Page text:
THE global battle against plastic has taken a draconian turn with officials in Delhi announcing that the penalty for carrying a polythene shopping bag would be five years in prison.
Officials in India's capital have decided that the only way to stem the rising tide of rubbish is to outlaw the plastic shopping bag. According to the official note on Friday, the "use, storage and sale" of plastic bags of any kind or thickness will be banned.
The new guideline means that customers, shopkeepers, hoteliers and hospital staff face a 100,000 rupee ($A3000) fine and possible jail time for using non-biodegradable bags.
Delhi has been steadily filling up with plastic bags in recent years as the economy has boomed and Western-style shopping malls have sprung up in the city.
There are no reliable figures on bag use, but environmentalists say more than 10 million are used in the capital every day.
Not only are the streets littered with them, but polythene takes hundreds of years to decompose and increases demand for oil, which is used to make plastics.
To begin with, the ban will be lightly enforced, giving people time to switch to jute, cotton, recycled-paper and compostable bags. Officials said it would be up to the courts to decide on how harsh a sentence an offender might face — and refused to comment on the chances of shoppers going to jail.
"Delhi has a population of 16 million, which means we cannot enforce (the new law) overnight," said J. K. Dadoo, Delhi's top environment official. "But we want people to understand that they will not get away with (using plastic bags). If they choose to defy the law repeatedly, then the court has the measures necessary to fit."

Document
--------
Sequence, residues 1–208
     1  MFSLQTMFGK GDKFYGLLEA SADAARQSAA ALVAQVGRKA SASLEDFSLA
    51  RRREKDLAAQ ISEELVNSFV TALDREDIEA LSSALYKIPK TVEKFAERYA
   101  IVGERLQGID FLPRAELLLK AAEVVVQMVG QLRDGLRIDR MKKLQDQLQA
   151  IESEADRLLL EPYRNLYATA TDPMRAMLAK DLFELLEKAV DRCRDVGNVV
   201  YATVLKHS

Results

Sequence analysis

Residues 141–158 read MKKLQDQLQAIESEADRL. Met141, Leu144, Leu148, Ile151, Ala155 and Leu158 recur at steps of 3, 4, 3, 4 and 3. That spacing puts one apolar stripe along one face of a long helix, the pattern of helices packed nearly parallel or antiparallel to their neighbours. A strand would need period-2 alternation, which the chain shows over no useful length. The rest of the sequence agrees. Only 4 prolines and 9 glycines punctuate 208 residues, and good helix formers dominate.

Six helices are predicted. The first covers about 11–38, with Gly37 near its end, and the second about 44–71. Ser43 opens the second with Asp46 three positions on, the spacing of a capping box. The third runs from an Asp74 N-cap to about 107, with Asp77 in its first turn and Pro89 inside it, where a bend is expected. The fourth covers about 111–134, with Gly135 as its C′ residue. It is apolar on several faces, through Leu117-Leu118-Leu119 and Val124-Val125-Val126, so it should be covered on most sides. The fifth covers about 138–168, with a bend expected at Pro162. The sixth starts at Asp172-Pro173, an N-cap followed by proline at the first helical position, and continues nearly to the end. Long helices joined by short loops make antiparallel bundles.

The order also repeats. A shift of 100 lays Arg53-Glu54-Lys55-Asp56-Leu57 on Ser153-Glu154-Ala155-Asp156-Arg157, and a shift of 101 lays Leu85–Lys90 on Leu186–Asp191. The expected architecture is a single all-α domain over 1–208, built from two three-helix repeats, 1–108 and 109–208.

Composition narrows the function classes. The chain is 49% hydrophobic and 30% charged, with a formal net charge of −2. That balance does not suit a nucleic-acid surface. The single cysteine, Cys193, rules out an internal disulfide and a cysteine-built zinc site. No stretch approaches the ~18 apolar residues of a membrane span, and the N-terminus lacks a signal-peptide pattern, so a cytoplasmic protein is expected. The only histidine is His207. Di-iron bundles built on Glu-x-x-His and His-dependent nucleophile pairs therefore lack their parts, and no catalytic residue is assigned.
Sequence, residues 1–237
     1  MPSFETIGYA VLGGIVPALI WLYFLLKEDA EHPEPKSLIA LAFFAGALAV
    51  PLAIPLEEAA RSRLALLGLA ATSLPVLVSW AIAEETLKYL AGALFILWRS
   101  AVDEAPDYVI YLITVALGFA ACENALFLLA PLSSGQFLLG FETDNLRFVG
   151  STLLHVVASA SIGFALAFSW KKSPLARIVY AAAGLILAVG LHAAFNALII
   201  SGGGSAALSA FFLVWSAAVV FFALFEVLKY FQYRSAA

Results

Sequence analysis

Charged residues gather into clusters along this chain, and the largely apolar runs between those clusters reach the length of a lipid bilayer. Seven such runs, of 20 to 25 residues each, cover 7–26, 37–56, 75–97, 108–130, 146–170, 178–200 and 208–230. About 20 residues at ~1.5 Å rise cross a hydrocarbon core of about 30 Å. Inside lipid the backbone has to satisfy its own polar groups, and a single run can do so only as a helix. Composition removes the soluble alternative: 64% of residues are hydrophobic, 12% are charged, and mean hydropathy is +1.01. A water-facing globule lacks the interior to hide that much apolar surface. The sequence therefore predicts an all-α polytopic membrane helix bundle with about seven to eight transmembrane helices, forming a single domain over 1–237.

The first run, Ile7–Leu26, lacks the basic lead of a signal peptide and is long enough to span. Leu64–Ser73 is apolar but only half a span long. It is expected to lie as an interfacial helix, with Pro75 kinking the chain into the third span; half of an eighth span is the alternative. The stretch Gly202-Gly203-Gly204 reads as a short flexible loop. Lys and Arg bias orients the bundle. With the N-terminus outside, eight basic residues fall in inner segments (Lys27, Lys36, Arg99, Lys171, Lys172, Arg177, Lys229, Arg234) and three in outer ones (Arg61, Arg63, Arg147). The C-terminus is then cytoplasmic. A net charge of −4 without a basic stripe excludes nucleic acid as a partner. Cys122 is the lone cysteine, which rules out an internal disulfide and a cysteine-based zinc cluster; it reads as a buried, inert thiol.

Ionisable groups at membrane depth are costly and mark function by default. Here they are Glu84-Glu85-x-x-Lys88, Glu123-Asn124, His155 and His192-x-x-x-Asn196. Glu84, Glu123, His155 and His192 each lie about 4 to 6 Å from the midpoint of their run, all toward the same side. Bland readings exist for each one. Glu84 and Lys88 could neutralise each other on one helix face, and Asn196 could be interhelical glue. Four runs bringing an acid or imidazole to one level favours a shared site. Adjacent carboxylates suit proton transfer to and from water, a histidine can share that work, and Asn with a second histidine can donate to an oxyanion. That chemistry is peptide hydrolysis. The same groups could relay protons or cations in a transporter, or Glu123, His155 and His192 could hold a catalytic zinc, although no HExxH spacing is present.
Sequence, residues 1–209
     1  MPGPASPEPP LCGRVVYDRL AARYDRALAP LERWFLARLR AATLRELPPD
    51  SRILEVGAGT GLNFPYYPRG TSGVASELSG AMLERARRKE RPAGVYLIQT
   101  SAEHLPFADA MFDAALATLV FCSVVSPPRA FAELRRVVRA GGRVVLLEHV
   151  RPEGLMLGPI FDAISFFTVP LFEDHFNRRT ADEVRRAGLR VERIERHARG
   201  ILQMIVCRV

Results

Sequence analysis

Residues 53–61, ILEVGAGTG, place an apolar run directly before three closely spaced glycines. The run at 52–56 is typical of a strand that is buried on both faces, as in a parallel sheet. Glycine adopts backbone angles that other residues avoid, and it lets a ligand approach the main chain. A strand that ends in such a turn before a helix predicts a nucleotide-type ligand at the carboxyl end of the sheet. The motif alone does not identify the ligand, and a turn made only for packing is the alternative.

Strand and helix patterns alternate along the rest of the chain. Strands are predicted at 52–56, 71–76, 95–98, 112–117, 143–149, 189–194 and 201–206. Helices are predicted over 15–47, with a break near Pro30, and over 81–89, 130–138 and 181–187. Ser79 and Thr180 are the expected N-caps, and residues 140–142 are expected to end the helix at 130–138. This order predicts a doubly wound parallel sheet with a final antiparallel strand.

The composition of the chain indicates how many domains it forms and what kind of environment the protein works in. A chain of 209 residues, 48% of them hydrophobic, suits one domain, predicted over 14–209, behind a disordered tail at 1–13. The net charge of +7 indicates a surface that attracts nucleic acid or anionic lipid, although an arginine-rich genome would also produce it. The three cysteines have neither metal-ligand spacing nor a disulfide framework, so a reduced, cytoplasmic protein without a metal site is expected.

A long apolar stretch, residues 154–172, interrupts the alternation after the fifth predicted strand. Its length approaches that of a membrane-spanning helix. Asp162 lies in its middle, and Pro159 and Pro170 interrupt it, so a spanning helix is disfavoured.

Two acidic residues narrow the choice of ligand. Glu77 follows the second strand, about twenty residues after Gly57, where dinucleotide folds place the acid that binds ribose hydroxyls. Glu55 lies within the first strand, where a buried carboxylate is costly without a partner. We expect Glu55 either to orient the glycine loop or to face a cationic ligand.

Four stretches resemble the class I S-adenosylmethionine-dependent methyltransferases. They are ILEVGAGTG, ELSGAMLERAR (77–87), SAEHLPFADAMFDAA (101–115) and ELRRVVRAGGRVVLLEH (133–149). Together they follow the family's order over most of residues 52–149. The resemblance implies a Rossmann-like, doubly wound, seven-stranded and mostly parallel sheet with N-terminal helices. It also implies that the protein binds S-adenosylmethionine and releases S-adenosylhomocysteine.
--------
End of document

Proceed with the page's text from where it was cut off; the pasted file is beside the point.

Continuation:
Civil servants said that punitive measures were needed after a law prohibiting all but the thinnest plastic bags — with sides no thicker than 0.04millimetres — was ignored.
Environmentalists said these bags were too expensive as they were not made in India, and called for an injunction against all polythene.
Green groups welcomed the tough new measures. "I think you need a deterrent," said Sanjiv Goyal, of Greenpeace.
"It might run into trouble if the punishment is too stiff but it may be the incentive required to change people's behaviour. It shows you what can happen with enough political will and commitment."
Shop owners had long complained that there were no viable alternatives for plastic bags. But authorities appear to have been swayed by arguments that plastic bags are clogging drains, creating breeding grounds for malaria and dengue fever.
There is ample evidence that prohibition can work; poor countries such as Rwanda, Bhutan and Bangladesh all have bans.
The first targets in Delhi will be the industrial units that manufacture the plastic bags in the capital, which officials say will be closed down.
Bags may just be the start. Landfill sites and rubbish heaps, say green groups, are beginning to fill up with plastic packaging.
Bangladesh was the first country to ban plastic bags in 2002 amid worries that they were blocking drains during the monsoon.
Other countries have since moved to ban, discourage or promote the reuse of plastic bags, hundreds of billions of which are handed out free each year.
Denmark and Ireland have both experimented with taxing plastic bags. Dublin said the tax, imposed in 2002, had reduced usage by more than 95 per cent.